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Umbrella (mwavuli -- Swahili)

***** Location: Kenya, tropics
***** Season: Short rains, long rains
***** Category: Humanity


When either of the two annual rainy seasons hit Kenya, umbrellas appear throughout the country -- in people's hands, in shops and street stalls, and in buildings and vehicles.

Most often, rain strikes mid-afternoon as a tropical downpour, and it is best to be prepared. Strong winds are not a feature of the Kenyan weather -- so, umbrellas are popular and many even opt for the large Chinese golf umbrella -- heavy but providing excellent shelter.


Every day is a test of one's weather forecasting skills -- to take the heavy umbrella and have to lug it even if it does not rain, or to leave it at home and expose oneself to the risk of being drenched to the skin.

Mind you, even with an umbrella that often happens, as the rain gathers in torrents on streets, the heavy raindrops splash up and the passing cars wash up major waves, bus queues wind round entire blocks, vehicles splutter and collapse, and traffic jams engulf the city as roads turn into rivers and become impassable.

Rivers may leave their courses and wash away roads, bridges and fields. Waves run down inclines, and slum dwellers can find rain water running right through their homes. Many have to use stepping stones within their houses for several weeks as the rains return every day. Mosquitos hatch and appear, and with them bouts of malaria.

But when there is no rain, crops do not grow and the country suffers from malnutrition and famine... When it does not rain, the poor suffer, and when it rains, the poor suffer...

Isabelle Prondzynski


An umbrella is a device used for temporary shade or shelter from precipitation. They can be made by stretching a fabric or other material over a wire frame. Umbrellas carried by hand are now usually used as rain shields, although their first use was for shielding from the sun; however, as tans became more sociably acceptable, this usage declined.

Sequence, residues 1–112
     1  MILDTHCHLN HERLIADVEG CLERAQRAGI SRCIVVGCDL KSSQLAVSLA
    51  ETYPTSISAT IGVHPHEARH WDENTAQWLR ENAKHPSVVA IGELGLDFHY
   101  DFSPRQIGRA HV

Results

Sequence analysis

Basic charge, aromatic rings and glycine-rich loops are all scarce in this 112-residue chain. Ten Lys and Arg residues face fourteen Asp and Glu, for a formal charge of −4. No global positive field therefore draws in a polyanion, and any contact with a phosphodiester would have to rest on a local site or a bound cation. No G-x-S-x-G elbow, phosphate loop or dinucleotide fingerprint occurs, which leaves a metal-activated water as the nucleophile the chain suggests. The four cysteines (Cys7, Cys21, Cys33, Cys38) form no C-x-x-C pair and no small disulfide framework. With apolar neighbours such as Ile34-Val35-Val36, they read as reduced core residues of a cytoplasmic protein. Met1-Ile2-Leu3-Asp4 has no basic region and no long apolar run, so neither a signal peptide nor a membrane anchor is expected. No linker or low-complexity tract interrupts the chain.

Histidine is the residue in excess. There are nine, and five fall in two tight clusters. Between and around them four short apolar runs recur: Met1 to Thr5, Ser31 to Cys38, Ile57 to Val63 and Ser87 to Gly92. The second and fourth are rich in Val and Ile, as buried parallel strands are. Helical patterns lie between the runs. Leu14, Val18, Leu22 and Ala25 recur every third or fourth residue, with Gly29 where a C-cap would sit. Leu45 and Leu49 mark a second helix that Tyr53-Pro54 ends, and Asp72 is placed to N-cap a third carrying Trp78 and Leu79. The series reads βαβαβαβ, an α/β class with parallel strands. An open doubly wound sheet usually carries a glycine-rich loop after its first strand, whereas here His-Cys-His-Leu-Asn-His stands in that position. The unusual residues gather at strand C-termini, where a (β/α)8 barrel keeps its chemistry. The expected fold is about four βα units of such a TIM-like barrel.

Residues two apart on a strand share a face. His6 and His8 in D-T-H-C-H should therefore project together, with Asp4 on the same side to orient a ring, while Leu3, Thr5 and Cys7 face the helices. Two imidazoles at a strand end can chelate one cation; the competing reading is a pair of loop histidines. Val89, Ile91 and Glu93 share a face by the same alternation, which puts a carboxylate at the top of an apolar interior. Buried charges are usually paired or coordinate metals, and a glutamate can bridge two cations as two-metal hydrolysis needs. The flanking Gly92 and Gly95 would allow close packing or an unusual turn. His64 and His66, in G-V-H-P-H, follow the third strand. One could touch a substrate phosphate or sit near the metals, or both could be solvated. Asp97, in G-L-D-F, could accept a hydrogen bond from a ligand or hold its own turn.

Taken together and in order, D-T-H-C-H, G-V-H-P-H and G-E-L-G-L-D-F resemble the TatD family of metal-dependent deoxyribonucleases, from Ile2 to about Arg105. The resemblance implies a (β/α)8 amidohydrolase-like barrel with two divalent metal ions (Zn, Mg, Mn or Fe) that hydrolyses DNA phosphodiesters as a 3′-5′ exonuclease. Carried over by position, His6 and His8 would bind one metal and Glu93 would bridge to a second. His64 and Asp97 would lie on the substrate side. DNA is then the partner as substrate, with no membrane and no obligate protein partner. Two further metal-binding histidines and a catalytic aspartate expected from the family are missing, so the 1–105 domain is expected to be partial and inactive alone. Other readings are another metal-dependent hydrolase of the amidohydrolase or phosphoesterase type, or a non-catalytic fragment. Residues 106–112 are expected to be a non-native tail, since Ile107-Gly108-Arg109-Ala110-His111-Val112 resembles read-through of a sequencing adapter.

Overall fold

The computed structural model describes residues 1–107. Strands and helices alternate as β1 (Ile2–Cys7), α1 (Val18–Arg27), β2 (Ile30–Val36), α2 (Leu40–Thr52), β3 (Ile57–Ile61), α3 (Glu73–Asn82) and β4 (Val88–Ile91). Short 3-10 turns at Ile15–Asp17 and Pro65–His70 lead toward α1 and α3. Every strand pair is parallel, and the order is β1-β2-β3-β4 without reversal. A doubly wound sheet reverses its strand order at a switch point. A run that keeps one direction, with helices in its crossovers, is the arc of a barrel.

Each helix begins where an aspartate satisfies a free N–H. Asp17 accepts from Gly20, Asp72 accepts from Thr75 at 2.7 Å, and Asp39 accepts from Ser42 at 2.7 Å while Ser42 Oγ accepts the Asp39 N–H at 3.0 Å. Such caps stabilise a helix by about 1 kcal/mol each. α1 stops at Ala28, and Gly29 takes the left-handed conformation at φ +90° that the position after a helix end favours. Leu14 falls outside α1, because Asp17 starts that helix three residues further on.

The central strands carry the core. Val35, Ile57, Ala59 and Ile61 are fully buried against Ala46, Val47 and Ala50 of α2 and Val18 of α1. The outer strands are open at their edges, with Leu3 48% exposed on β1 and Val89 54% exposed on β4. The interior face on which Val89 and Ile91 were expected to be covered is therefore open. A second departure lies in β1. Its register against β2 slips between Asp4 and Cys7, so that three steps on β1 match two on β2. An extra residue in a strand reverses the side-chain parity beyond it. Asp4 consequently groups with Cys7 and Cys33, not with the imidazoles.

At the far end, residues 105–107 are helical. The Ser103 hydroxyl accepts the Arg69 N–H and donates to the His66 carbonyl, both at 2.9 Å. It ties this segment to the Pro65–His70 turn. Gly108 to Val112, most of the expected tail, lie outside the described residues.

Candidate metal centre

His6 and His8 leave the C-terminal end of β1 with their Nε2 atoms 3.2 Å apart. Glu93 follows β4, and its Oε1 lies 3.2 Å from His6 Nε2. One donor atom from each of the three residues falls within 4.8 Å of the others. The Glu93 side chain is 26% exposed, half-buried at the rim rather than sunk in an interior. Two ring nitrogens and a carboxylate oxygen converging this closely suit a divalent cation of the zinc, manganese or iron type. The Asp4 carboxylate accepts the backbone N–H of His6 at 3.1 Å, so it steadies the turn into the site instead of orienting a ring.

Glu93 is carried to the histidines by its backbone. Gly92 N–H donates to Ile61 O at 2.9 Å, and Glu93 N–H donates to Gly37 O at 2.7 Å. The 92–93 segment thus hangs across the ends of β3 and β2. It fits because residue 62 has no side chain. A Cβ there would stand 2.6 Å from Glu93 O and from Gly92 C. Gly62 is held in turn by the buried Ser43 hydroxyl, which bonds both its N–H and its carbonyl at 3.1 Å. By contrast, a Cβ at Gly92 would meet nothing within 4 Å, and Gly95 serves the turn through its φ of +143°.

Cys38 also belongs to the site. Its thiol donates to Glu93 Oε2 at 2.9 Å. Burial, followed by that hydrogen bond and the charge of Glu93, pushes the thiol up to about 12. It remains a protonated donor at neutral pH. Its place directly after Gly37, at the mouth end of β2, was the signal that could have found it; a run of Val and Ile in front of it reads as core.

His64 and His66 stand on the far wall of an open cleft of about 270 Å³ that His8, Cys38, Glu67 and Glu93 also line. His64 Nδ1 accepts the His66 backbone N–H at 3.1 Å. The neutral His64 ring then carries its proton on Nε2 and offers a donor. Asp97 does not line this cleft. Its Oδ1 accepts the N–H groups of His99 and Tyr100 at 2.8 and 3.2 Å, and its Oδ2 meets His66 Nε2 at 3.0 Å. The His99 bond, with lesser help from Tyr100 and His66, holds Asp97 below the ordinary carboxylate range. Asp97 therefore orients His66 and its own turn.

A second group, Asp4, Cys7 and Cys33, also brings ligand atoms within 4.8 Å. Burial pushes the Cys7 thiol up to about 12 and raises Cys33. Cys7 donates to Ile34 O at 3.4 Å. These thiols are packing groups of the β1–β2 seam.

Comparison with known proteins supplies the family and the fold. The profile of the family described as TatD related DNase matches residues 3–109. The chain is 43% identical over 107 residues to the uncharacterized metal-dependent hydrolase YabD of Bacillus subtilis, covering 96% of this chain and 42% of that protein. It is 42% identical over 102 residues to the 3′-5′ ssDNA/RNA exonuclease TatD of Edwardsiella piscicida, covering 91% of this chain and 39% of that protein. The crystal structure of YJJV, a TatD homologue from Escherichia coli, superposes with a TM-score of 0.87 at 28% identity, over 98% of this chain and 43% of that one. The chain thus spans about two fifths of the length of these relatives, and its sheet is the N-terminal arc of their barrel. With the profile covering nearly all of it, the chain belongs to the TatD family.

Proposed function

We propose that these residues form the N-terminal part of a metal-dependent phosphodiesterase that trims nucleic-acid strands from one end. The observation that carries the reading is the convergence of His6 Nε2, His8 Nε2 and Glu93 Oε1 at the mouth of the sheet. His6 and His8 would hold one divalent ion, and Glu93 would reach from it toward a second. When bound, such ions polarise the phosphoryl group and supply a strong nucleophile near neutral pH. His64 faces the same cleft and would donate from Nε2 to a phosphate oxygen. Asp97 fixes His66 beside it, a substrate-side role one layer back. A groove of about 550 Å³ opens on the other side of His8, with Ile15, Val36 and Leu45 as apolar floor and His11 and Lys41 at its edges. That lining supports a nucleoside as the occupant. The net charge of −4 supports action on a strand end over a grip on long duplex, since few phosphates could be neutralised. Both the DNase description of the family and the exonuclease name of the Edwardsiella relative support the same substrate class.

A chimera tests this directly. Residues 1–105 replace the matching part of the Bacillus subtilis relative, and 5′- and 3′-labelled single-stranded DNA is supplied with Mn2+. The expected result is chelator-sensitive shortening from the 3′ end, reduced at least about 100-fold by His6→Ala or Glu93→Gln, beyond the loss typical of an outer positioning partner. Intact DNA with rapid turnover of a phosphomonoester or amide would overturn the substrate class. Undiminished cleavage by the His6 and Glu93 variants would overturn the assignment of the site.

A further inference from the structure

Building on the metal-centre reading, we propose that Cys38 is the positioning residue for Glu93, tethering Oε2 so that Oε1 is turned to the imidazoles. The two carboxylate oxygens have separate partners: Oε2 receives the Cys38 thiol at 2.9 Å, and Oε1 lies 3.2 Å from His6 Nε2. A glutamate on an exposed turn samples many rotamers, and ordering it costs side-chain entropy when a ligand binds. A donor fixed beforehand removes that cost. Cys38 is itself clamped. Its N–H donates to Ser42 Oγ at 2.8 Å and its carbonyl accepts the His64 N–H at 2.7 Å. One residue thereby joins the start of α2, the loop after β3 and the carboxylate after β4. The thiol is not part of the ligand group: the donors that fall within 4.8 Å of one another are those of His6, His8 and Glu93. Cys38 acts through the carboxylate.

An umbrella made for protection from the sun, is called a parasol. These are often meant to be fixed to one point and often used with patio tables or other outdoor furniture, or on the beach for shelter from the sun.

The word "umbrella" is from the Latin word "umbra" for shade or shadow.

Depictions on ancient artifacts provide evidence that umbrellas have been in existence for over four thousand years. The civilizations of ancient Assyria, Egypt, Greece, and China all used umbrellas. It was not until the 16th century that the trend spread to Europe.

In England, umbrellas were only used by women until the practice was popularised by Jonas Hanway (1712-86). Having noted the custom in Portugal, in the 1750s he started to carry an umbrella regularly in London, and continued to do so for thirty years despite derision. Another pioneering Londoner was John MacDonald, who from 1778 used a silk umbrella when it rained. The use of "Hanways" by English gentlemen slowly spread, so that by 1790, their pioneering efforts had helped lift the English taboo against men carrying umbrellas.

Chinese umbrellas have traditionally been made of either oilpaper, or silk on a bamboo frame. Victorian era umbrellas had frames of wood or baleen, but these devices were expensive and hard to fold when wet. Samuel Fox invented the steel-ribbed umbrella in 1852. Modern designs usually employ a telescoping steel trunk. New materials such as cotton, plastic film and nylon often replace the original silk. They now are available in compact collapsible designs.



Full text of Umbrellas and their History by William Sangster, from Project Gutenberg.

Worldwide Use


The umbrella is used quite often, especially during the rainy season. But in haiku, it is used as a nonseasonal topic.

Page full of Oilpaper Umbrellas (kasa 傘). The most famous one is the "Umbrella with the eye of a snake ja no me gasa  蛇の目傘), which also is often used in Kabuki plays.

Look at some great collections of these umbrellas:

. Janomegasa 蛇の目の傘 Edo-umbrella .
and the manners of Edo (Edo shigusa 江戸しぐさ)